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Tom Gray's Junkbot Walker
October, 2003

In "Junkbots, Bugbots, and Bots on Wheels," Dave Hrynkiw and Mark Tilden issued a challenge to the reader to expand on their Junkbot back-and-turn walker by making it "backup and turn for each side..., triggered by two different tactile sensors...turn left and right while going forward, chase light, scare the cat, take out the garbage, and deliver the mail."

This walker is my initial response to that challenge. It won't chase light, or handle the garbage and the mail, yet, but it frightens the cat and does turn left and right while going forwards or backwards.

Tom Gray's Junkbot Walker -- the layout

The trick to the turning part is to make deliberate use of an unbalanced bicore. Many newbies write to the BEAM list with the concern, "My walker won't go straight", not realizing that they are teetering on the edge of discovery. A balanced bicore will alternate left and right leg pulses equally. So to create a turn--in either forwards or reverse--you need a way to deliberately unbalance the bicore.

A few tests convinced me that the leading legs--the legs that are "front" whichever way the bot is moving--have the greatest turning effect. So if the bot is going forwards, throwing the front legs out of balance will initiate a turn; if the bot is reversing, throwing the rear legs out of balance will create a turn. Throwing front and back legs out of balance simultaneously will create a bot that flails and flips and turns belly-up, so there has to be a balance to the unbalance.

Let's start at the back. The Bi-directional Inverting Multiplexor handles the reverse. The inverters are normally disabled, and the Master bicore signal goes through the 47K bypass resistors R5 and the 680K link resistors R6 (the JB book has 620K here, but 680K worked better in my bot). The Master bicore fires and the Slave follows, making the front legs move before the back legs.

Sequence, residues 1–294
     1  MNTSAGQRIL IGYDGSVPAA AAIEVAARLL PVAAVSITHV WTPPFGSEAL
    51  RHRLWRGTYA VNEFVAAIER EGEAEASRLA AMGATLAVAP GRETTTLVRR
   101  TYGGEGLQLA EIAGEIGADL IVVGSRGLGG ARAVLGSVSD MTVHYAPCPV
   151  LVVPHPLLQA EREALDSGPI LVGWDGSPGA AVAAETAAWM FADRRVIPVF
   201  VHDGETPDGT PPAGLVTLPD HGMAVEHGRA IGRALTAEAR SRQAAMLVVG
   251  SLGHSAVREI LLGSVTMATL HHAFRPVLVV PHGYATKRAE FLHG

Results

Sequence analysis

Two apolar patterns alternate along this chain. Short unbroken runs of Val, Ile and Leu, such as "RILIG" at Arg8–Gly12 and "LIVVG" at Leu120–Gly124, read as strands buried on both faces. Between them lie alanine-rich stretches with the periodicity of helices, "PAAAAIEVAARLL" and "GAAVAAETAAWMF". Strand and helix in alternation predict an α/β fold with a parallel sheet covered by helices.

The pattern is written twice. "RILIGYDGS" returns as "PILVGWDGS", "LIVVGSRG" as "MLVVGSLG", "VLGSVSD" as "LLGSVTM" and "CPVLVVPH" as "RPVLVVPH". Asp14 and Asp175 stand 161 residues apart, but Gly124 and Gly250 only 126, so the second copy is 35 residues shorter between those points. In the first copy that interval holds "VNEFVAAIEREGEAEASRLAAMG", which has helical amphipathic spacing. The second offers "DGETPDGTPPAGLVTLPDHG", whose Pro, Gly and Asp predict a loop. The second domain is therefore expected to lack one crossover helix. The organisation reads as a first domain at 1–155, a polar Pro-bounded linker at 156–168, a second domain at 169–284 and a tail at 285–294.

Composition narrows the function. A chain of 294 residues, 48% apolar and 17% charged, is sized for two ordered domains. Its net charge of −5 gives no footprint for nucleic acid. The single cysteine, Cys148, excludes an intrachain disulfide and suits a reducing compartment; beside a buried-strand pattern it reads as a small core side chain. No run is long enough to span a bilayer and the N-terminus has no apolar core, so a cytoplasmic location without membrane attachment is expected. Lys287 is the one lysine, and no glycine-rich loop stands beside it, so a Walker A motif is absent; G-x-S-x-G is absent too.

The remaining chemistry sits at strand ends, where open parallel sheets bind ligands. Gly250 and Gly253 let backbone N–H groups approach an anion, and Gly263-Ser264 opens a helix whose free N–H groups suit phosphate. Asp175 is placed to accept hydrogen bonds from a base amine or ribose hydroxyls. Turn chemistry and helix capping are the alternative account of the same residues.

When either reverse switch S3 is triggered, several things happen. First, the capacitor C2 on that side is charged up (once S3 reopens, C2 gradually discharges through R4). But in the meantime...

a) One inverter in each pair is turned on, labeled 1A and 1B in the schematic. This changes the timing of the Master / Slave bicore pair, so that the rear legs now fire ahead of the front legs. The net result of this is that the walker backs up.

b) 1D is enabled, which turns on the LED to tell you what's happening.

c) 1C is also enabled, and the additional 680K resistor R8 on the triggered side adds time to one part of the slave pulse and subtracts time to the other half of the pulse (okay, I'm guessing here!).

Anyway, the rear legs take a shorter, faster step with one foot and a longer, slower step with the other, and the net result of this is a turn towards the 'short step' side. And as a matter of some interest, if BOTH switches S3 are turned on simultaneously, the bot backs straight up very quickly. Neat to watch

The front unbalance is a bit clearer in the layout diagram. The SPDT switches are normally closed, and the Master bicore is controlled by the R2 pair (with R1 to balance for straight-ahead). Closing S1, for example, means that one half of the Master bicore oscillator goes through R3, which results in a longer, slower step for one front foot and a shorter, faster (normal) step for the other. Again, the result is a turn--a limping, faltering turn, but a turn for sure--towards the 'fast step' side. (Did I try it the other way, with the normal step being slow and the turning step being fast? Of course.  The turn was the same either way, and I liked the fast walk better than the slow walk.) Turning on both forward switches BTW gives a slow, cautious forward creep. The bot looks like it is tentatively pushing against the obstacle.

A fair number of tests went into establishing that the 1:2 ratio (1M:2M or 1M5:3M3)  gave the most effective combination of forward walk and forward turn. The bot will turn a circle in about 6 to 8 steps with a turning radius of about half a metre (18"). 1M:2M was a bit too fast, but 1M5:3M3 gives a limpy turn, and I haven't yet acquired a 1.2M:2.4M resistor pair. However, I think I will replace the two R3 resistors with a pair of 5M trimpots grounded in the middle to give a more precise way of setting the turn speed & radius.

Electronically, it works okay--but mechanically, arranging the sensors so they worked together proved a difficulty. Poor bot kept trying to back and turn and go forward and turn at the same time. Ooop, belly-up! The next incarnation will replace the mechanical reverse touch sensors with IR detectors (from old is a junkbot!) operating electronic switches. The 'forward turn' tactile sensors will sweep out to the sides. Bot continues to evolve...

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